AthFest Educates is currently accepting applications for its next wave of music and arts grants. The nonprofit, which awards grants biannually in August and January, raises funds primarily through the AthFest Music and Arts Festival in June and the AthHalf Half Marathon in October.
Through the educational grants, as with its local events, AthFest Educates aims to sustain and promote the arts within the community, and to make education through art and music exciting and accessible to all children. The grants support new and developing programs that incorporate art and music in schools, libraries and other educational centers around Athens-Clarke County. Past grants have supported the purchase of new musical instruments for elementary and middle schools, funded student trips to theater performances and supplied visual art programs with new materials to aid in learning and personal expression.
Though the grants are often awarded directly to music and arts programs, many grant recipients use the funds to develop programs that simply use the arts as a method of enhancing education in other subjects. In these cases, young students have practiced drumming patterns to understand mathematic patterns (recipient Susie Criswell at Whit Davis Elementary), explored folk art and folktales to learn American history and social studies (Lane Guyer at Winterville Elementary), and applied the principles of dance to the life cycle of living organisms (Dawn Phillips at Winterville Elementary). Individual arts-based professionals are also eligible to receive grant funds for proposals such as attending a conference or taking a course to expand their capacity as educators of the arts.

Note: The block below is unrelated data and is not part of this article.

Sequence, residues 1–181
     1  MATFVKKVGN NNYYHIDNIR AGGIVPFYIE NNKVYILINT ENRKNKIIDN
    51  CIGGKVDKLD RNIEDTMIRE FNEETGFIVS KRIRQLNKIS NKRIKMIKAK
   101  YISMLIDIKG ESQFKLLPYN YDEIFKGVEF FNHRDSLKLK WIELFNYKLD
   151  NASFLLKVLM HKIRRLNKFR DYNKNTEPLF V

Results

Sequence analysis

The Lyndon House Arts Center received an AthFest Educates grant this past January to create a new digital stop-motion animation program for fourth and fifth graders. Proposed by Didi Dunphy, the program “The Way Things Move: Stop Motion Animation and Video” has been enjoyed by over 30 children through summer camps and workshops. Campers invented characters, stories and scenes—made out of everything from paper to pinecones—for short visual-narrative videos. Participants also had a chance to experiment with the more technical side of video storytelling, like lighting techniques and camera work. Ciné hosted a viewing of the short films during AthFest.
To be eligible for an AthFest Educates grant, applicants must be employed by (or partnering with) a 501(c)(3) nonprofit, the Clarke County School District (CCSD), or a local or state government agency, or serving youth in grades K-8 who attend CCSD public schools. Proposals should incorporate reusable equipment, provide for experiential learning through the arts or act as a professional development tool for arts-based educators or youth-development specialists. Additional guidelines and online applications can be found at athfesteducates.org/apply.
Applications for the fall grant cycle are due by Friday, Aug. 21, and award recipients will be announced on Monday, Sept. 14. The winter grant cycle will open Monday, Nov. 2 and close Friday, Dec. 11, with award announcements in January.